Funding and reporting update 2020
Most community legal centres in NSW receive funding from both the Commonwealth and State Governments, although the amounts they receive from each vary enormously. There is no ratio or obvious connection between the amounts centres receive from different levels of government. Some community legal centres receive funding only from the Commonwealth and some receive funding only from the state government. One community legal centre member organisation receives no government funding at all.
Most Commonwealth and State Government funding for community legal centres is funnelled through a joint partnership agreement between the two governments, currently the National Partnership Agreement on Legal Assistance Services (NPA), but soon to be superseded by the National Legal Assistance Partnership (NLAP). The current NPA expires June 2020, although the Commonwealth budget 2019 committed funding for a future NLAP (in fact, a slight increase on current funding). The NSW Government has committed State community legal centre funding to June 2022.
State CLC funding has been distributed between centres following recommendations from an independent assessment panel in 2019. The panel considered tenders from all centres (following a tender process in 2018) and made recommendations to the NSW Attorney General. The Attorney General largely adopted these recommendations and allocations are now fixed until June 2022.
Commonwealth funding to NSW community legal centres has not been subject to a tender and is distributed according to historical allocations. CLCNSW has advocated that centres be required to tender only once every period, for both Commonwealth and State funds, and that Commonwealth funding should be rolled in current amounts until the next State tender in 2021-22.
See here for a table of Commonwealth and State allocations to individual centres (noting the table includes only funding allocated via the NPA/NLAP).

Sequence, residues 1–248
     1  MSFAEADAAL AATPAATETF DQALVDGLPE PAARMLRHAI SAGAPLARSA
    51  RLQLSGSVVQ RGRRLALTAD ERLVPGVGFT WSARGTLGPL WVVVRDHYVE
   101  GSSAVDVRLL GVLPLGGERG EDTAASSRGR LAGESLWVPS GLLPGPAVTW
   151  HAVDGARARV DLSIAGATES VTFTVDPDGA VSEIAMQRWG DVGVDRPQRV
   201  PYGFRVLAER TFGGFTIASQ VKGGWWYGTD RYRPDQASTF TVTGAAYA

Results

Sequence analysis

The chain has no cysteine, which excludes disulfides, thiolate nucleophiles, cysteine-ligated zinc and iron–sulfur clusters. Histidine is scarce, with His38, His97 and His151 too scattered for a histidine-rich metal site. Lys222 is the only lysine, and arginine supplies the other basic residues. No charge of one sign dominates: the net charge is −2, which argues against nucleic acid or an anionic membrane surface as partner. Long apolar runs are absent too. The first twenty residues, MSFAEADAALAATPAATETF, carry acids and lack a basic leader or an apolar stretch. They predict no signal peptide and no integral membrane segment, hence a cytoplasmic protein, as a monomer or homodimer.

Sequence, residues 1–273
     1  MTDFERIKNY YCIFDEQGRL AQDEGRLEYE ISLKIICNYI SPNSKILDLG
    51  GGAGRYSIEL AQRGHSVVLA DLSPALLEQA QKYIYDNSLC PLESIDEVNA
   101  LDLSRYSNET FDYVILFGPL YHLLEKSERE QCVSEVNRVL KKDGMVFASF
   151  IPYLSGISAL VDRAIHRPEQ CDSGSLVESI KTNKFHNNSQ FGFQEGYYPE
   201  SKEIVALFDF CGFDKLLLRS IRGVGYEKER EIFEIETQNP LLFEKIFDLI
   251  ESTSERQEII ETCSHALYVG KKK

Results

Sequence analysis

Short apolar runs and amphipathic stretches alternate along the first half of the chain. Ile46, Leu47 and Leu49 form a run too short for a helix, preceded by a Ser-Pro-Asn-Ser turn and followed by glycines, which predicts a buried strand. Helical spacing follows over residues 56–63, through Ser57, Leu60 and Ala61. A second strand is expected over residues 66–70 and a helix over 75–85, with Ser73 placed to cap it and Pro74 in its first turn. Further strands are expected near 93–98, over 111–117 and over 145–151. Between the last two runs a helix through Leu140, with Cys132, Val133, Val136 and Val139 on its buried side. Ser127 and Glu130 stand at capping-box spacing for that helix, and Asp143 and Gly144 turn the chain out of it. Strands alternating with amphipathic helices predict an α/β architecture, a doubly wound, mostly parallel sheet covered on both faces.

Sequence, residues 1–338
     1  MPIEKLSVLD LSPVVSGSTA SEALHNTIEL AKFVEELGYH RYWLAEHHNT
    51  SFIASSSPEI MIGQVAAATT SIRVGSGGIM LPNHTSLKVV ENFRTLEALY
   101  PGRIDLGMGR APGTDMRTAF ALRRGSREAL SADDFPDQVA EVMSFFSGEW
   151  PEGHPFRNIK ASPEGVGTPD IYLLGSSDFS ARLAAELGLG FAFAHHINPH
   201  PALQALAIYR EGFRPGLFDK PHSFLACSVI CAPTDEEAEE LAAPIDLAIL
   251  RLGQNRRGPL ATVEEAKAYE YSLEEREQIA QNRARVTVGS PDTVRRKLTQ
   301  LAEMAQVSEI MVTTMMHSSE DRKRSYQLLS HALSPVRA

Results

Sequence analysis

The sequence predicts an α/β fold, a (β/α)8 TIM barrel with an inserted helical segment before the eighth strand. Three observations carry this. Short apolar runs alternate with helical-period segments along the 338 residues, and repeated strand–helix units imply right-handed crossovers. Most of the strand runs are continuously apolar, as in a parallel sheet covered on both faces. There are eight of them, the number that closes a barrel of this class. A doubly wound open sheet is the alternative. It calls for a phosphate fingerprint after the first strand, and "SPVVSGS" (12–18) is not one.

Collectively, NSW community legal centres receive around $12.5m per year from the Commonwealth and around $14m from the NSW Government. Under the NPA/NLAP, the Commonwealth provides its funding for NSW centres to the State Department of Communities and Justice, which has delegated responsibility for the administration of this funding to Legal Aid NSW. Legal Aid NSW then transfers funding directly to individual community legal centres subject to a service agreement (contract).
Some centres receive funding from other Commonwealth and State Government departments as well. For example, several community legal centres receive funding from the Office of Fair Trading in the NSW Department of Customer Service. Grants from other departments are subject to different contracts. Some centres receive separate funding from the NSW Public Purpose Fund (PPF), funding for which is generated by the interest from solicitors’ trust accounts. It used to be the case that many centres received funding directly from the PPF, however most of this funding is now rolled into State funding.
Most community legal centres also receive what is known as SACS ERO. This is comprised of contributions from both the Commonwealth and State to enable community legal centres to increase salaries in line with Commonwealth industrial awards. From 2019 the Commonwealth has agreed to roll its share of SACS ERO into general funding. This helps secure this funding into the future and Community Legal Centres NSW has asked the NSW Government to do the same in relation to the State contribution.
The State allocations to community legal centres have been settled for the next three years (that is, to end June 2022), following a tender process. All centres will be guaranteed State income for this period.
From July 2019, community legal centres will receive their funding subject to a new kind of NSW Service Agreement (details here).
This agreement has been adopted by the NSW Government. This generic version will be adapted for application to community legal centres via the incorporation of sector-specific schedules. These schedules are currently being finalised.